Parents of kids with rare neuromuscular disorder want funding for expensive drug
Published Monday, January 15, 2018 10:38AM EST
Parents whose children are battling a genetic disease called spinal muscular atrophy are calling on the provinces to fund a drug that's considered a life-changer, but also one of the most expensive medications in the world.
The drug is called nusinersen, sold under the name Spinraza, and is the only approved treatment for spinal muscular atrophy, or SMA. SMA is a genetic disease that destroys motor neurons in the spinal cord, damaging children’s ability to move. The disease is progressive, leading to paralysis in many, and often death in the most severe forms of the condition.
Spinraza is the first medication shown to be effective at halting and sometimes reversing some of the effects of SMA. The drug is injected into the spine and works by delivering pieces of synthetic DNA to increase a key protein that’s missing in people with SMA.
But the cost of using the drug is high: approximately US$750,000 for the first year of treatment.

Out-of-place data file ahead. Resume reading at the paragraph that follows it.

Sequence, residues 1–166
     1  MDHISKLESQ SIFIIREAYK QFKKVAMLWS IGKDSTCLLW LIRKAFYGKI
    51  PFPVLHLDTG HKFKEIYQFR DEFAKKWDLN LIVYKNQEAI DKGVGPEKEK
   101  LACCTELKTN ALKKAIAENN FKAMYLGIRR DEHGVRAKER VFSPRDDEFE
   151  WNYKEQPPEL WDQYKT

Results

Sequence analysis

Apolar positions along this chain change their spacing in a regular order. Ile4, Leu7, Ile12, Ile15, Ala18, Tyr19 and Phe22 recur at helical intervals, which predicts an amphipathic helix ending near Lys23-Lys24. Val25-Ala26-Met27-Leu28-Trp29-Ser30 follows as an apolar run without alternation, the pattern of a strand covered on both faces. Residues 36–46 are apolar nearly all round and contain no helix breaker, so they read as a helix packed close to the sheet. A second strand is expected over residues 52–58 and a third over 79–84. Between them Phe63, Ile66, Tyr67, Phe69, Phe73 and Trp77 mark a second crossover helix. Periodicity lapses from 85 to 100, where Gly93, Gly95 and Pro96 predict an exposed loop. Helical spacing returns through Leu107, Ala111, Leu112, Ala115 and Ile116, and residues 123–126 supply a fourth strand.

Health Canada recently approved the drug for sale in Canada. But CADTH (Canadian Agency for Drugs and Technologies in Health), which makes recommendations to the provinces about whether to cover the costs of new medications, recommended that Spinraza be used by only a subset of SMA patients.
It said in December that those children with the most severe form of SMA, Type 1, who are diagnosed in infancy, would benefit most.
So far, no province has agreed to fund the drug.
On Sunday, nine families in British Columbia whose children have SMA gathered together to call on the provinces to offer the drug to all kids with SMA.
Susi Vander Wyk, of the advocacy group Cure SMA Canada, says it’s only fair that all children who could benefit from the drug should be able to access it, rather than watch their condition worsen.
“It’s unacceptable that children will die in the process, that children will lose abilities,” she told CTV Vancouver.
Natalie Essex, now four years old, has been using Spinraza as part of a clinical trial. SMA left Essex unable to crawl or sit up on her own, but since she began using the drug, she has learned to stand with the assistance of a walker.
The clinical trial Natalie’s enrolled in is drawing to a close, however, and her family isn’t sure what will happen next.
The B.C. Ministry of Health says its Drug Benefit Council is currently reviewing Spinraza to decide whether to offer funding.
Biogen, the manufacturer of Spinraza in Canada, tell CTV News they hope to work with "health care systems and government to ensure that patients who may benefit will have access" to the drug.
Meanwhile, parents of children with SMA are calling on the provinces to cooperate to negotiate with Biogen for a better price.
With a report from CTV Vancouver’s Scott Roberts